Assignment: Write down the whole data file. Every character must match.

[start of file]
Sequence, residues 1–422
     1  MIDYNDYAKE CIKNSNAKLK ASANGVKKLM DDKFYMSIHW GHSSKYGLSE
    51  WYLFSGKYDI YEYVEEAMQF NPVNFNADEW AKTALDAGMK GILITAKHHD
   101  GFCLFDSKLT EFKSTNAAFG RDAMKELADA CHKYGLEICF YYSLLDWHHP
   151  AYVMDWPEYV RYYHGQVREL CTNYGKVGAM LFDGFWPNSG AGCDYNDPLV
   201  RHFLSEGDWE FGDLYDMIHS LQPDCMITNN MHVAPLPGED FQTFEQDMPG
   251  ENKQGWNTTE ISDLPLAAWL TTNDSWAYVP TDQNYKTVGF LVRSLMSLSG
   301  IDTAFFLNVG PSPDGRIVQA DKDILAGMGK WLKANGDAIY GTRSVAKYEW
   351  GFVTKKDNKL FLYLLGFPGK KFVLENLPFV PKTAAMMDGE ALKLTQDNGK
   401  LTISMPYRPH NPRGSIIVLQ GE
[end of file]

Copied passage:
Sequence, residues 1–422
     1  MIDYNDYAKE CIKNSNAKLK ASANGVKKLM DDKFYMSIHW GHSSKYGLSE
    51  WYLFSGKYDI YEYVEEAMQF NPVNFNADEW AKTALDAGMK GILITAKHHD
   101  GFCLFDSKLT EFKSTNAAFG RDAMKELADA CHKYGLEICF YYSLLDWHHP
   151  AYVMDWPEYV RYYHGQVREL CTNYGKVGAM LFDGFWPNSG AGCDYNDPLV
   201  RHFLSEGDWE FGDLYDMIHS LQPDCMITNN MHVAPLPGED FQTFEQDMPG
   251  ENKQGWNTTE ISDLPLAAWL TTNDSWAYVP TDQNYKTVGF LVRSLMSLSG
   301  IDTAFFLNVG PSPDGRIVQA DKDILAGMGK WLKANGDAIY GTRSVAKYEW
   351  GFVTKKDNKL FLYLLGFPGK KFVLENLPFV PKTAAMMDGE ALKLTQDNGK
   401  LTISMPYRPH NPRGSIIVLQ GE